Thursday, June 22, 2023

Light Summer Reading

Eugene Hütz on stage with Gogol Bordello in 2017

Well, summer is upon us and summer vacation is almost here... Which means, we get to catch up on all the reading we can't get done the rest of the year. On a plane or on the beach, it's time to relax and get a lost in a good book. To that effect, here's  a selection of some of our favorite rock autobiographies.

A lot of these so-called autobiographies weren't actually written by the person... Hardly surprising when a lot of rock stars are barely literate, but the best ones still manage to capture the voice of their subject.

Of course, Bob Dylan or Pete Townshend wrote theirs themselves. After all, they are primarily storytellers by trade, and I've heard they're rather good at it.

Because the subject matter is rock n' roll, most books will feature their fair share of debauchery and tabloid-fodder. But more importantly, what all these books have in common is the author and/or subject's passion for music coming alive in the pages. Because ultimately, if you like rock n' roll, that's what you want to hear. All the rest, the clothes, the sex, the drugs, the money, the fame... is fun to read about, but we're really here for one thing: the music.

(Full disclosure: we get a tiny commission every time you buy products using our Apple links. So treat yo' selves!)

Hard to Handle: The Life and Death of the Black Crowes - A Memoir

This book by former Black Crowes drummer Steve Gorman is a great read, even if you're not a fan of the band... but if you don't like rock n' roll, you should probably just click HERE.

This warts-and-all account of the meteoric rise and fall of the Southern Rock band will make you shake your head and raise your fists at the appalling behavior of the Robinson brothers. It also shines an unflattering light on some unsavory music industry practices. The narrator also never pretends to be an angel and his side of the story seems pretty fair and balanced... Unsurprising then that he is not a part of the band's reunion!

Click HERE to check out our pics, review and video of the band's Paris show in October 2022.

Get it on Apple Books

Alice Cooper, Golf Monster

Alice Cooper, Golf Monster is Alice's story as told to two biographers, seen through the prism of his addiction to golf. That's right, Alice Cooper is an avid golfer... Some great behind the scenes anecdotes, previously unseen photos, a humorous tone and a fascinating glimpse into American suburbia in the 1950's make this one of the most fun rock n' roll biographies out there. The golf angle can get a little too much at times if you're not a golfer yourself, but that's a small complaint.

If you want to go deeper (and darker) you can check out the movie Super Duper Alice Cooper which dives into the shock rocker's drug addiction or original bass player Dennis Dunaway's autobiography Snakes! Guillotines! Electric Chairs! My Adventures in the Alice Cooper Group.

Click HERE to check out our many Alice-related site entries, including a bunch of concert reviews, photos and videos.

Get it on Apple Books

Clapton: the Autobiography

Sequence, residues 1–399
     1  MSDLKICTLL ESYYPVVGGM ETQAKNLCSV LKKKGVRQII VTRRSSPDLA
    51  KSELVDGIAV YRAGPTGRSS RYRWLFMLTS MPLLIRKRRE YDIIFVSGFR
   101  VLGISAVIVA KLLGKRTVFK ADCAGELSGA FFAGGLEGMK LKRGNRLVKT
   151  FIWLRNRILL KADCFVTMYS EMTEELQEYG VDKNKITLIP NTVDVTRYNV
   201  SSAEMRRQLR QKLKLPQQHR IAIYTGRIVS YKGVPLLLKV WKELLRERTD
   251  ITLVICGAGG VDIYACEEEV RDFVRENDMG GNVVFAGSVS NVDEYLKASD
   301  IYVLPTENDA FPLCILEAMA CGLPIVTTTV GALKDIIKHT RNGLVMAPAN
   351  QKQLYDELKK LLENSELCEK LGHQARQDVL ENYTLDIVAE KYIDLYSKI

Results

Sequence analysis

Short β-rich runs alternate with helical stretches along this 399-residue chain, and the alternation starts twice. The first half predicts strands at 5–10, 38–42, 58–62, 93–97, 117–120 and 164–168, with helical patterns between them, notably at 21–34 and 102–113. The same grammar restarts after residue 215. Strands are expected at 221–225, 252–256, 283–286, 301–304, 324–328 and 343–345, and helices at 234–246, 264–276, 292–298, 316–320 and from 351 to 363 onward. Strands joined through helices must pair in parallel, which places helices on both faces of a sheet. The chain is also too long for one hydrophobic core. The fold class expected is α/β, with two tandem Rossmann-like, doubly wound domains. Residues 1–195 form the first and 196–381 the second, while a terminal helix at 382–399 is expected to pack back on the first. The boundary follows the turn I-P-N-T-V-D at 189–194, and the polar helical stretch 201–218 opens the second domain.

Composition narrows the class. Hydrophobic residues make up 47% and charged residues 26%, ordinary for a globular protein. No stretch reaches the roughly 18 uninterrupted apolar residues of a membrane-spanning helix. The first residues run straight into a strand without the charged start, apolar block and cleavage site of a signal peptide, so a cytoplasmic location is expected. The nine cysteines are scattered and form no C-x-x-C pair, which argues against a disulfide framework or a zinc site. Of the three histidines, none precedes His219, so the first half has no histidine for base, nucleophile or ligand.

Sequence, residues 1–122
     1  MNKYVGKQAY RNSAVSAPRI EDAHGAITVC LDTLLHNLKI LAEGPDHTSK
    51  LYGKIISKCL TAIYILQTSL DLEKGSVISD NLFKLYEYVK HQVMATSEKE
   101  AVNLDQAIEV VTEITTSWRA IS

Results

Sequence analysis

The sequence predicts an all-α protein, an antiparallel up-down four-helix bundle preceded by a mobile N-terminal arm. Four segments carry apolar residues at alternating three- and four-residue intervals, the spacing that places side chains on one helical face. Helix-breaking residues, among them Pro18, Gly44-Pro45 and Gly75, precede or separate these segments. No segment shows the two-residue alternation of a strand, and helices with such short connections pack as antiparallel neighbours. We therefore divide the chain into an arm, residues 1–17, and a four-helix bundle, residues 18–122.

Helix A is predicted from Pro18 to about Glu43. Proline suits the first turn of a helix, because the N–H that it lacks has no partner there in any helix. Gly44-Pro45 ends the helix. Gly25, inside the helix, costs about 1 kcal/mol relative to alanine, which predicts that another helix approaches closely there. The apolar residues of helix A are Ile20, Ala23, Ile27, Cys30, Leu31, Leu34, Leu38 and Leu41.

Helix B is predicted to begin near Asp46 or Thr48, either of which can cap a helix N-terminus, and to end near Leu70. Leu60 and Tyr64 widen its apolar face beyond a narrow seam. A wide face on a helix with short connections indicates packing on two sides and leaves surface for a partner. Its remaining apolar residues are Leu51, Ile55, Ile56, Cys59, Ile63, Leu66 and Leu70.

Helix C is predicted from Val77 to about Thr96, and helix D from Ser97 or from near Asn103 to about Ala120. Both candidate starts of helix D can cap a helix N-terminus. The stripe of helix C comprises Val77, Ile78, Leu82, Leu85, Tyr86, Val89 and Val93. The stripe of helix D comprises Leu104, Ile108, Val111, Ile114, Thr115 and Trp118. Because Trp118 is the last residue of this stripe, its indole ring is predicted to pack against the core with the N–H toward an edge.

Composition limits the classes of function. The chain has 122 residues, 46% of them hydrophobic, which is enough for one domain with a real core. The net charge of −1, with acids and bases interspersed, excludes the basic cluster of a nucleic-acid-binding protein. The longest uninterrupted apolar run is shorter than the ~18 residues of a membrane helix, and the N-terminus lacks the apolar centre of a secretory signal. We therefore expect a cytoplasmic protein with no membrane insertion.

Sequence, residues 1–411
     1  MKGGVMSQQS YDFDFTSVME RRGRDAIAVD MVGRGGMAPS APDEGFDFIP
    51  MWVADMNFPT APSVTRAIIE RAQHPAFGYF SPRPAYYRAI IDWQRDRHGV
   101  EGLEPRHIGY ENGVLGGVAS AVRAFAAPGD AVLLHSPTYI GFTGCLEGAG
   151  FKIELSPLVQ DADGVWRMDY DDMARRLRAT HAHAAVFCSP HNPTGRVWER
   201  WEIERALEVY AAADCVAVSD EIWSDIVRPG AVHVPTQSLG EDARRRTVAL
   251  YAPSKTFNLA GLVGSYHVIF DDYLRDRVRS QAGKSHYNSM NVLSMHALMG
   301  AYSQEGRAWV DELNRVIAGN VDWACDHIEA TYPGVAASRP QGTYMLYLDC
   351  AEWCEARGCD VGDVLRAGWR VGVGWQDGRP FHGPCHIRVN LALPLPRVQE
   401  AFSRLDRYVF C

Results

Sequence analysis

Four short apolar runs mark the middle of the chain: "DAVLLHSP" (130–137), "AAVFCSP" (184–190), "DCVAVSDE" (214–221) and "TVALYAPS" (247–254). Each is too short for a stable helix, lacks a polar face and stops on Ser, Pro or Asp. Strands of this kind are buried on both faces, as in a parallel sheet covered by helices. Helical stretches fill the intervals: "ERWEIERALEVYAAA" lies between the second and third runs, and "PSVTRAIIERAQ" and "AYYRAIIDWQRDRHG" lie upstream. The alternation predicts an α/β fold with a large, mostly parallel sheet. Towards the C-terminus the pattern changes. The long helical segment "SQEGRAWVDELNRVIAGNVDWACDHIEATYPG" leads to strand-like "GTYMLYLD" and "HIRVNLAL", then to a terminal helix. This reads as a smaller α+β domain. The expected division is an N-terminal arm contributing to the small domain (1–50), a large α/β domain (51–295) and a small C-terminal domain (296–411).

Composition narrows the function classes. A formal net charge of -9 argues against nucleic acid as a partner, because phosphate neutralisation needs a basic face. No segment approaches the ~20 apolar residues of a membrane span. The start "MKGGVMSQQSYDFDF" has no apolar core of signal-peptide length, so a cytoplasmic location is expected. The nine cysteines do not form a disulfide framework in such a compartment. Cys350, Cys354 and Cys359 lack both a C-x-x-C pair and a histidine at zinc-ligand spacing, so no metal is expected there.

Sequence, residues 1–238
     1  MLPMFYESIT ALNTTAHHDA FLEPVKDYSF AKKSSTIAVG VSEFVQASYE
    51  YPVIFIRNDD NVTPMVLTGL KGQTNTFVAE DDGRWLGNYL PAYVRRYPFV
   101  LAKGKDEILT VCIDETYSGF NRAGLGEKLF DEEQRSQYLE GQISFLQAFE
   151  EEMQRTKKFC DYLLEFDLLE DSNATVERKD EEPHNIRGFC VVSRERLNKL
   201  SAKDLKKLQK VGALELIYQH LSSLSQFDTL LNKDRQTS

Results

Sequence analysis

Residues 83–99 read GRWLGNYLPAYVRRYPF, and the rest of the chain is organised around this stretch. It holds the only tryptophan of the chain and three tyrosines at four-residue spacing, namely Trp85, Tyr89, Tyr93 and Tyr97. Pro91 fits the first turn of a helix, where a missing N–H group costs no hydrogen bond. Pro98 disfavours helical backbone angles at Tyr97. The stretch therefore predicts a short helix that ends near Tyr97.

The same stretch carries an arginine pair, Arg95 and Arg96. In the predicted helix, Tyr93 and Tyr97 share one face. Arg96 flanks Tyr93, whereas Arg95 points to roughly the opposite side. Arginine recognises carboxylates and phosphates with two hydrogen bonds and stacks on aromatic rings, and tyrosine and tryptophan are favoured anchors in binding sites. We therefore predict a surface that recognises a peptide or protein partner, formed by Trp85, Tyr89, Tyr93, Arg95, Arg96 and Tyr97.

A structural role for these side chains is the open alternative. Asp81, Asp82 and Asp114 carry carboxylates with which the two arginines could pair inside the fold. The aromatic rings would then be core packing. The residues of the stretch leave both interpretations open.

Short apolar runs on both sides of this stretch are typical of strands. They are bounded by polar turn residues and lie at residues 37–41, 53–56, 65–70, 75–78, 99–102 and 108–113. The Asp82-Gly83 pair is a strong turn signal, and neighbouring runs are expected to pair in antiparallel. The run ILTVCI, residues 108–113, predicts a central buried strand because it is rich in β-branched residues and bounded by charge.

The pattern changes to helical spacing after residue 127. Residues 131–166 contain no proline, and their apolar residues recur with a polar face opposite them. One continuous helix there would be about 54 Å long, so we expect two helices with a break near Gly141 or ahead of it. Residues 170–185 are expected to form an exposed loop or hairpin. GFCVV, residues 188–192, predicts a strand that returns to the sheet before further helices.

Recent events and statements have really highlighted what an utterly flawed individual Eric Clapton is. It's hard to reconcile some of his bigoted statements and the absolutely gorgeous music he's recorded over the years. This book, which he actually wrote by himself, is a good example of the man's contradictions. When he writes about music, it's an absolute treat. But then the personal life gets in the way, and it becomes apparent that the man is a shallow, self-absorbed narcissist. It will come as a shock and a disappointment to some, but it does make for a fascinating read.

Get it on Apple Books

Keith Richards: Life

When Keith Richards' Life finally came out in 2010, it had already been awaited with a certain amount of trepidation by rock fans. Richards arguably being the poster boy for rock n' roll excess, his book promised to be an epic tale of debauchery, sex and drugs.

But while there is obviously some rock n' roll sensationalism, it's not at the center of the book and it's not even what makes it great. What makes it great are all those stories of how some of our favorite records were created, how little Keith started playing music, what musicians influenced him, etc. Richards' passion for music is contagious and every page will make you want to put on a record. That is what makes Keith Richards' Life great.

Well, that and that anecdote about Jagger's big ballsack and "tiny todger".

Click HERE to check out our many Rolling Stones-related articles throughout the years.

Get it on Apple Books

Tony Iommi: Iron Man

An autobiography by the originator of Heavy Metal was always going to be a captivating read, but this exceeded expectations for many reasons. First, it's great to hear the circumstances under which all those awesome songs were created and recorded. Second, as with most of these autobiographies, Tony's childhood and formative years give us a fascinating insight into a time and place that are now gone forever: post-war industrial England. In retrospect, it's no surprise that such an socio-economic environment would spawn the Heavy Metal genre and you can almost hear those crushing riffs as you read Iommi's recollections of his younger days in the West Midlands. An essential read for fans of the genre, and rock in general. For another point of view on the same story, you can also check out Geezer Butler: Into the Void which was released last month.

Click HERE to read our review and see our photos of Black Sabbath's farewell show in Birmingham in 2017.

Get it on Apple Books

Lemmy: White Line Fever